Premium Bonds: NS&I updates price checker for July 2022 – how to check | Personal finance | Finance
Announced on Friday July 1, NS&I revealed that one person in London and another in Surrey had each won the jackpot. The group is also updating its prize checker which allows bondholders across the country to check if they have won a prize ranging from £25 to £100,000. July’s first winning bond, 210ST236184, was bought in August 2013 by someone in central London, who held £30,000 in premium bonds.
They are the seventh winner from the region.
The second July prize winner came from Surrey and held £22,350 in bonds.
Their winning Bond is number 471RR305957 and was purchased in September 2021.
The win makes them Surrey’s 28th premium bond millionaire.
In July, 4.8 million prizes were paid, with a total value of £138 million, and 118 billion bond numbers were eligible for the draw.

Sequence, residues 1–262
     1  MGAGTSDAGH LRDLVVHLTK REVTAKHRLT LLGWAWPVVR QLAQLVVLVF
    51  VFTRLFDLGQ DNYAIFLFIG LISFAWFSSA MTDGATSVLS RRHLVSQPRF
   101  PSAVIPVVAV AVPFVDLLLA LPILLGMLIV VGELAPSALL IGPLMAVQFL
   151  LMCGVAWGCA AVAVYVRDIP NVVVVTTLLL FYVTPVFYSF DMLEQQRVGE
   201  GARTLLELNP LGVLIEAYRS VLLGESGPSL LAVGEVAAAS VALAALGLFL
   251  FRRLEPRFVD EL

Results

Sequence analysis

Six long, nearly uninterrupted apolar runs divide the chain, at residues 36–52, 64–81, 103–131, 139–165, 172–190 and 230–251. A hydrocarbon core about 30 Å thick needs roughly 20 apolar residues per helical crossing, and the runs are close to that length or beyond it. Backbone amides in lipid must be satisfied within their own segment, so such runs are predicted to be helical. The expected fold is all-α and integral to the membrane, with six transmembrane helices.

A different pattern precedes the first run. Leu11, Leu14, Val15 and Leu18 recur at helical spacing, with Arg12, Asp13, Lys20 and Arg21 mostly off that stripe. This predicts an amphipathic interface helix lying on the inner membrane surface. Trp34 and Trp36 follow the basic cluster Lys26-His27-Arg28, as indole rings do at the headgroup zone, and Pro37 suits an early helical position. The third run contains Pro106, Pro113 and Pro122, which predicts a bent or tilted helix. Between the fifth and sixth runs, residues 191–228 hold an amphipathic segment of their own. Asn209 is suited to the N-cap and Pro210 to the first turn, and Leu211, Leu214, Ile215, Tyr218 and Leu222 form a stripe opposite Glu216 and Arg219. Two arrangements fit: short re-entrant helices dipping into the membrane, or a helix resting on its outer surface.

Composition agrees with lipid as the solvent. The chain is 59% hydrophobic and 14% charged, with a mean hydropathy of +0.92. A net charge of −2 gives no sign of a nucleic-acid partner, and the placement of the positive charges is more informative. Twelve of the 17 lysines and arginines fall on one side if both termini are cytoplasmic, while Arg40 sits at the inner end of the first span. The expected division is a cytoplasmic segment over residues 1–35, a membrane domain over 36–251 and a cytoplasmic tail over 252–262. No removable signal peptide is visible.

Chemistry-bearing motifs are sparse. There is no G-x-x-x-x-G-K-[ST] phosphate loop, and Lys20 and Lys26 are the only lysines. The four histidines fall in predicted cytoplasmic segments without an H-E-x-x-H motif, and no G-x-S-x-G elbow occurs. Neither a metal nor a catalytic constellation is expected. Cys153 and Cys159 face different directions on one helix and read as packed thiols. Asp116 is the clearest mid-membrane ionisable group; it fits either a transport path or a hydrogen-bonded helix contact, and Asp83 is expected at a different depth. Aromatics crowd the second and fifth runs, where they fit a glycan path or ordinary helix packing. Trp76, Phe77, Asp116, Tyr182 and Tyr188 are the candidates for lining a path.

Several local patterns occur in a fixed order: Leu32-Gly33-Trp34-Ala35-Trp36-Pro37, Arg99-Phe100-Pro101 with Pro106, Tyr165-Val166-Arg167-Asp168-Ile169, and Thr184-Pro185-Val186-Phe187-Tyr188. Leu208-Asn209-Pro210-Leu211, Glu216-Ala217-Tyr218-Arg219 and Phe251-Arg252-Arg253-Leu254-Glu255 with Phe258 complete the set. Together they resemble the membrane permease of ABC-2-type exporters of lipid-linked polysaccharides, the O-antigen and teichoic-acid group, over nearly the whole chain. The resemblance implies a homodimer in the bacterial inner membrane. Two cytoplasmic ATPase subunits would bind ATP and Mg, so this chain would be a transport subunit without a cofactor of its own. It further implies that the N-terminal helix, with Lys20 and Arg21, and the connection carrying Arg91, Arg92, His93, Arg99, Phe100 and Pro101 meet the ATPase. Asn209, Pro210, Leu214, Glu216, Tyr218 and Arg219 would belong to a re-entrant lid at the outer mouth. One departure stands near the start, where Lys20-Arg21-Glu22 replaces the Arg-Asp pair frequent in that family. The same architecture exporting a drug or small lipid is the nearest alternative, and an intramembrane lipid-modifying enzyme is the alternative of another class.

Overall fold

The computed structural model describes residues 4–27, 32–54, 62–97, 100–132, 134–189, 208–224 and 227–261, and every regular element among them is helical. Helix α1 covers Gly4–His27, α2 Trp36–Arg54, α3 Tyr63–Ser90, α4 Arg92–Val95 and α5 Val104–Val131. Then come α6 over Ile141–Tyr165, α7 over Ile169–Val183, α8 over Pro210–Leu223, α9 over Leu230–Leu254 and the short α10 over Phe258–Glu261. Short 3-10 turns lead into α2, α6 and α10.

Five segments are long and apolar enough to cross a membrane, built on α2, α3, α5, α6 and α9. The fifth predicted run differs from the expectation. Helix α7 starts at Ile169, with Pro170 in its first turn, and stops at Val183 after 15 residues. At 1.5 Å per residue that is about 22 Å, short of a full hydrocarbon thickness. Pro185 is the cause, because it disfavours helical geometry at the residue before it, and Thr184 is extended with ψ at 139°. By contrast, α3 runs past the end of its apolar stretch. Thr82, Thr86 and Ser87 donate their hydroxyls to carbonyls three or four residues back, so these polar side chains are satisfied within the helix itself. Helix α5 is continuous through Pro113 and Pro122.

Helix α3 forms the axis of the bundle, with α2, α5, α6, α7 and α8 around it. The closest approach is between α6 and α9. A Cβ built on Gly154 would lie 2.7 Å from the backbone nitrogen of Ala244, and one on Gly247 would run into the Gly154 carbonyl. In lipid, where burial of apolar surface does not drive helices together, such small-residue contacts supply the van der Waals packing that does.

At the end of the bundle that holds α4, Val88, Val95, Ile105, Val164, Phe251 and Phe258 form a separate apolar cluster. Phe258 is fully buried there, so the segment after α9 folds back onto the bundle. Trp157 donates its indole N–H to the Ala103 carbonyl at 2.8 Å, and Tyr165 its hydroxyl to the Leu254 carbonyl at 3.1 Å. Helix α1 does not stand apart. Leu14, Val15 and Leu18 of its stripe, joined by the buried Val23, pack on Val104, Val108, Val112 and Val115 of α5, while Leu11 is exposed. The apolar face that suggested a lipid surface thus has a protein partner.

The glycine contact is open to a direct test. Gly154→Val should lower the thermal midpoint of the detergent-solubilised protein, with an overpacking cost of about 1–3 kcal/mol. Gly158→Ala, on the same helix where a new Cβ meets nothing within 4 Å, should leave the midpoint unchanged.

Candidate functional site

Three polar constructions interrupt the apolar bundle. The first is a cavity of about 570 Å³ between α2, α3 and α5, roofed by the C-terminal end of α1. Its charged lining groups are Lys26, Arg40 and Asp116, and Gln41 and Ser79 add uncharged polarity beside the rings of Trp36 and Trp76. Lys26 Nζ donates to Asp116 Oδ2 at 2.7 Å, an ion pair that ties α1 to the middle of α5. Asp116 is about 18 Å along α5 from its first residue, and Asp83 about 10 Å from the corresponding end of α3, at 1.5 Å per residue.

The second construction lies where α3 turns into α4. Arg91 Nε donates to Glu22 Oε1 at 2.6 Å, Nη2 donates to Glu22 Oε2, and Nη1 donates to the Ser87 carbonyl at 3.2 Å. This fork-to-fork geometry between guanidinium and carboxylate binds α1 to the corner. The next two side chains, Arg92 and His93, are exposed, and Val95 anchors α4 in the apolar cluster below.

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Premium bonds must also be held for a full calendar month before they can be entered into the monthly raffle.
NS&I says premium bonds are the most popular savings product in the UK, with around 21 million people saving this way.
NS&I Premium Bonds are a savings account where people can deposit and withdraw money, where interest is not paid, but where savers can win money in a monthly raffle.
Individuals must be 16 to purchase, but below that age may be purchased and held on behalf of under 16s by parents or guardians.
The minimum amount people can invest in premium bonds is £25 and the maximum is £50,000.
Premium bonds also cannot be passed on the death of a person, but they will remain eligible to earn for 12 months after their death.
If one of the bonds wins a prize before the 12-month limit, it can still be claimed without a time limit.
In June this year, money-saving expert Martin Lewis said in a blog post that premium bonds were “all about your mindset”.
He said: “They protect your money, so even if the returns don’t seem like a good bet, you can put an insignificant part of your money into it, as long as you know it’s more for fun than for. the returns.
“Before deciding, use the calculator to look at the actual odds. If you’re ready to take the bet after that, then that’s fine.